3. Ezekiel!  The first community that Rick and his group visited was the Kingdom so they got to meet King Ezekiel and Shiva.  Ezekiel and the Kingdom were the highlight of the first half of season 7 and it looks like that might be true for the second half as well.  I loved the entire sequence at the Kingdom, everything from Ezekiel’s promise to have an answer by “the morrow” to the wonderful moment when Jesus realized that he had forgotten everyone’s names.
  4. No Negan!  Well, that’s not quite true.  We heard Negan’s voice but, for the first time in a long time, we had an episode where the entire narrative didn’t have to stop just so Negan could launch another one of his insane gym coach monologues.  Like most great villains, Negan works best in small doses.
  5. That final scene!  I’m going to guess from the lack of men and children that those were Oceansiders who were surrounding Rick.  Rick’s smile provided a wonderful final shot for this episode.  When he flashed that smile, I realized that the old Rick was finally back.

I was really happy with Rock in the Road.  In fact, I’m happy enough to actually watch next week as well.  Hopefully, this episode will be the start of season 7’s redemption.

A Few Thoughts on The Walking Dead 7.4 “Service” (dir by David Boyd)


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I’m going to try to keep this short.

I like The Walking Dead.  Almost all of my friends like The Walking Dead, though there’s also a large number who have recently decided to abandon the show.  In general, we’re fans of The Walking Dead here at the Shattered Lens.

But tonight’s episode was a real chore to sit through.  After all the hype and all the promises that something big was going to happen during tonight’s special 90-minute program, Service turned out to be a big bunch of nothing.  Negan showed up at Alexandria.  Negan acted like an asshole.  Negan left.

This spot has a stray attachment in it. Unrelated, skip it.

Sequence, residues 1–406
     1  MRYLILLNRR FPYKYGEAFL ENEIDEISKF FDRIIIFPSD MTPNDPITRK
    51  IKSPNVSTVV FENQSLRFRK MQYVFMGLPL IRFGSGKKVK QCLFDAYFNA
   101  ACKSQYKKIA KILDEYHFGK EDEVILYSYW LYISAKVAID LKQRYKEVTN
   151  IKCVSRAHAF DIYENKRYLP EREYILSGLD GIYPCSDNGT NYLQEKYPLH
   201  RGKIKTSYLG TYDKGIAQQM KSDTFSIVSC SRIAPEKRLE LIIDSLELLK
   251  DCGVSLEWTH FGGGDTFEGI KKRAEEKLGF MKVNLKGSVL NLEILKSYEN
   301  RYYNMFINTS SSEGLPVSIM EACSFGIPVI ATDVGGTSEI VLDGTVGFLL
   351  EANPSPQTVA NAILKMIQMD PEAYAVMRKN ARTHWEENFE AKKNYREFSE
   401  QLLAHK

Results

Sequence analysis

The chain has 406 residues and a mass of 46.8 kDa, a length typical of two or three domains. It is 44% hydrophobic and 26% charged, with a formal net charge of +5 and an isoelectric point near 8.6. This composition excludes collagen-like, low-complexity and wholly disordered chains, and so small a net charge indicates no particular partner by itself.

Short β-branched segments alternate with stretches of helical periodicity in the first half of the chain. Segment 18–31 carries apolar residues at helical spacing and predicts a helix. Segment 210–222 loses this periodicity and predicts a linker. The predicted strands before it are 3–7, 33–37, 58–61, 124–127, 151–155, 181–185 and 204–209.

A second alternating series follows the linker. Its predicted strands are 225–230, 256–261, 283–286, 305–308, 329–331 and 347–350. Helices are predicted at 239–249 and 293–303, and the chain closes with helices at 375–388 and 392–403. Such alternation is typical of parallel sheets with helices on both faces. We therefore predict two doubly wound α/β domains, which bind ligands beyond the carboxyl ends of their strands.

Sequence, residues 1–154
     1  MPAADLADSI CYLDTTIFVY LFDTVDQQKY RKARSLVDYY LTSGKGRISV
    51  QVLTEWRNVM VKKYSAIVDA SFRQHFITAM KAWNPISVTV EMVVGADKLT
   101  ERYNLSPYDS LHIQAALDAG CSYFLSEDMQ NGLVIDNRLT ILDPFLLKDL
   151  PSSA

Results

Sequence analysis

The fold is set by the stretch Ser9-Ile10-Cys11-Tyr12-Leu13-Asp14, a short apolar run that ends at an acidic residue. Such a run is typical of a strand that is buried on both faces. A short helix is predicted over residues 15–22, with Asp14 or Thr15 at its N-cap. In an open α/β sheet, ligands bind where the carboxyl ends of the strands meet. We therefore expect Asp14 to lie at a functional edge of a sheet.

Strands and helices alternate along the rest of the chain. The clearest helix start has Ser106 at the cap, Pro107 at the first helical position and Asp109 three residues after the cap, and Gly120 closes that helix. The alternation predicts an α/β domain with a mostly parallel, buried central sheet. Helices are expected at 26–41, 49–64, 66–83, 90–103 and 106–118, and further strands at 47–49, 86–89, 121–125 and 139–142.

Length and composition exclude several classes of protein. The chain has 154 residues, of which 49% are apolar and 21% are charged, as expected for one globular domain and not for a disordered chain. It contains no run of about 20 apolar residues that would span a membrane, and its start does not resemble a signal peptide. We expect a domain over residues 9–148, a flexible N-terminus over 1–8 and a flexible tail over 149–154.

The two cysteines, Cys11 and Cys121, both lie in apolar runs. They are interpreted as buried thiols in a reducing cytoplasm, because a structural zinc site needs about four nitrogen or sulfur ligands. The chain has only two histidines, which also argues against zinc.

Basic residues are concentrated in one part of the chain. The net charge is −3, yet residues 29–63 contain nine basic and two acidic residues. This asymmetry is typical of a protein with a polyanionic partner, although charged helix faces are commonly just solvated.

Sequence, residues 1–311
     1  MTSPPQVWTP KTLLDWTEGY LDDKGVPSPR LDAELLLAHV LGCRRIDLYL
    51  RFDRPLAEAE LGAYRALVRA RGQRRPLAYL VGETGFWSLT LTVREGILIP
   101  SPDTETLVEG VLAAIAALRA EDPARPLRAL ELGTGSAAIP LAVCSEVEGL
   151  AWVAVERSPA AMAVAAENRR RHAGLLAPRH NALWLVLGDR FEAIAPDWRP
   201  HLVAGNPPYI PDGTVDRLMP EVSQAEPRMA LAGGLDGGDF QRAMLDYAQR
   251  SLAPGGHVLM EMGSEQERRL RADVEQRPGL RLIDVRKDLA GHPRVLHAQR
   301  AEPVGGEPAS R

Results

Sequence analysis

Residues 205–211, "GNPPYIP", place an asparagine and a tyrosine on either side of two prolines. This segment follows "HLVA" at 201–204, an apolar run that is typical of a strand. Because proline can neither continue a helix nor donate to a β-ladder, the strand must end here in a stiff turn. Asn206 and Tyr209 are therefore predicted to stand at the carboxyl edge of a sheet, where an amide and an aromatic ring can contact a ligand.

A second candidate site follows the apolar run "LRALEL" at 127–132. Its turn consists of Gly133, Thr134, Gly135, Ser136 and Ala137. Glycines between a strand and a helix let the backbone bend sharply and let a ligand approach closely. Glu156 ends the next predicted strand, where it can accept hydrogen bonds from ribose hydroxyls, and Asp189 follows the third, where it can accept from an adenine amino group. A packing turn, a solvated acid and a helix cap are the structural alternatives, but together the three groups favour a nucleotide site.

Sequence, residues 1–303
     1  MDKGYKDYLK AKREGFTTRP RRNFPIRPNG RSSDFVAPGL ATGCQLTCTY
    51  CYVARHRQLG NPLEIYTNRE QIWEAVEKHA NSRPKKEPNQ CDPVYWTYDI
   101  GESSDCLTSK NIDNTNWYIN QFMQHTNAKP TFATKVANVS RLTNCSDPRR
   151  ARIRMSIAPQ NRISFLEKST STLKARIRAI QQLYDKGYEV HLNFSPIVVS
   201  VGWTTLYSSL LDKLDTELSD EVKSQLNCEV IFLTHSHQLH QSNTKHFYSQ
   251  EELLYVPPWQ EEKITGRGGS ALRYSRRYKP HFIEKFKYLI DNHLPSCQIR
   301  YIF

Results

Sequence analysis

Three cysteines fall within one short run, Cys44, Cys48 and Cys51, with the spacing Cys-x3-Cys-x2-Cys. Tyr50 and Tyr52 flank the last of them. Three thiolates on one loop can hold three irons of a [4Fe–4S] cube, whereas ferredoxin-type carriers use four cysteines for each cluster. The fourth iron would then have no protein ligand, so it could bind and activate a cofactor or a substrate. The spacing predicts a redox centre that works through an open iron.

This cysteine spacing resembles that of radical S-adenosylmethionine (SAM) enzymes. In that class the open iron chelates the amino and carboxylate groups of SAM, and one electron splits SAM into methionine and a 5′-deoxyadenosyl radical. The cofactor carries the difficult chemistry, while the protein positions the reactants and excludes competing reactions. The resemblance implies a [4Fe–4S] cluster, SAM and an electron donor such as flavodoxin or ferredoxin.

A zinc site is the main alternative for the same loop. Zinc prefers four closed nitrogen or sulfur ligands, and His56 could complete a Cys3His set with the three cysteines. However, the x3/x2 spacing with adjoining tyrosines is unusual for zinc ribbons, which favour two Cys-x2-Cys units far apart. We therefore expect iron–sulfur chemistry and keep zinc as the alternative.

THAT WAS THE ENTIRE FUCKING SHOW!

The thing is — we already know that Negan is an asshole.  We know that he’s a bully.  We know that he’s a sick and irredeemable bastard.  And I’m not sure that the show really needed to devote 90 minutes to reminding us about what we already know.  To be honest, the entire Negan terrorizes Alexandria thing could have been handled in 30 minutes.  That would have left the 2nd half of the episode for … well, something!  Something more than the same crap that we’ve been seeing since season 7 began!  I don’t have a problem with the show being disturbing, violent, or even depressing.  I do have a problem with the show being tedious and that’s the best way to describe tonight’s episode.

Quite frankly, I’ve had enough of neutered Rick.  During tonight’s episode, Rick had plenty of opportunities to do something to stop Negan.  When they were visiting the graveyard, he could have set up an ambush.  When Negan was standing right out in the open, he could have had a sniper open fire.  At one point, Negan even let Rick hold Lucille!

And Rick did nothing.

Where is the Rick who shot zombie Sophia without a hint of emotion?  That’s the Rick we need!  No more of this boring, teary-eyed, shellshocked Rick.  We need our old Rick back and we need him now!  If Rick can’t can’t lead his group, he needs to step aside for someone who can.

And Rick, for God’s sake, remember that there’s no crying in the zombie apocalypse!

There are only four episodes left before season 7 goes on hiatus.  I am sincerely hoping that those 4 episode will amount to something than just four hours of Negan taunting Rick.

At the very least, we need at least one more episode with King Ezekiel and Shiva…

 

 

A Few Thoughts On The Walking Dead 7.3 “The Cell” (dir by Alrick Riley)


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I’ve been on twitter, reading everyone’s reactions to the latest episode of The Walking Dead, and I’ve noticed a definite pattern.